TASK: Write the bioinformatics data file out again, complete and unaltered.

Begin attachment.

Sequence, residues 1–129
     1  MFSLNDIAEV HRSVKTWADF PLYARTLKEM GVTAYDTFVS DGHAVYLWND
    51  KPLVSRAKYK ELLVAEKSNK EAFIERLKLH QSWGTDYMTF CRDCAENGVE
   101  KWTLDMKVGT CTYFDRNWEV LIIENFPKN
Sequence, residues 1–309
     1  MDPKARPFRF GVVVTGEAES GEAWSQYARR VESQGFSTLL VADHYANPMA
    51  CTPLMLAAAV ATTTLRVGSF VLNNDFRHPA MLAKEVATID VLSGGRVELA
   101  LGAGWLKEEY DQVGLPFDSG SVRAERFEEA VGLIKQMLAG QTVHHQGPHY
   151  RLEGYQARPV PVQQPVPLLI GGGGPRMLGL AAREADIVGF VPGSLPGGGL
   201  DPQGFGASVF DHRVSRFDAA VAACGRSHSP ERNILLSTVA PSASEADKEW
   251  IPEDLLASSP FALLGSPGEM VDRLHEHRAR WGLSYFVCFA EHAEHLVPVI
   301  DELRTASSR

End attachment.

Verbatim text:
Sequence, residues 1–129
     1  MFSLNDIAEV HRSVKTWADF PLYARTLKEM GVTAYDTFVS DGHAVYLWND
    51  KPLVSRAKYK ELLVAEKSNK EAFIERLKLH QSWGTDYMTF CRDCAENGVE
   101  KWTLDMKVGT CTYFDRNWEV LIIENFPKN
Sequence, residues 1–309
     1  MDPKARPFRF GVVVTGEAES GEAWSQYARR VESQGFSTLL VADHYANPMA
    51  CTPLMLAAAV ATTTLRVGSF VLNNDFRHPA MLAKEVATID VLSGGRVELA
   101  LGAGWLKEEY DQVGLPFDSG SVRAERFEEA VGLIKQMLAG QTVHHQGPHY
   151  RLEGYQARPV PVQQPVPLLI GGGGPRMLGL AAREADIVGF VPGSLPGGGL
   201  DPQGFGASVF DHRVSRFDAA VAACGRSHSP ERNILLSTVA PSASEADKEW
   251  IPEDLLASSP FALLGSPGEM VDRLHEHRAR WGLSYFVCFA EHAEHLVPVI
   301  DELRTASSR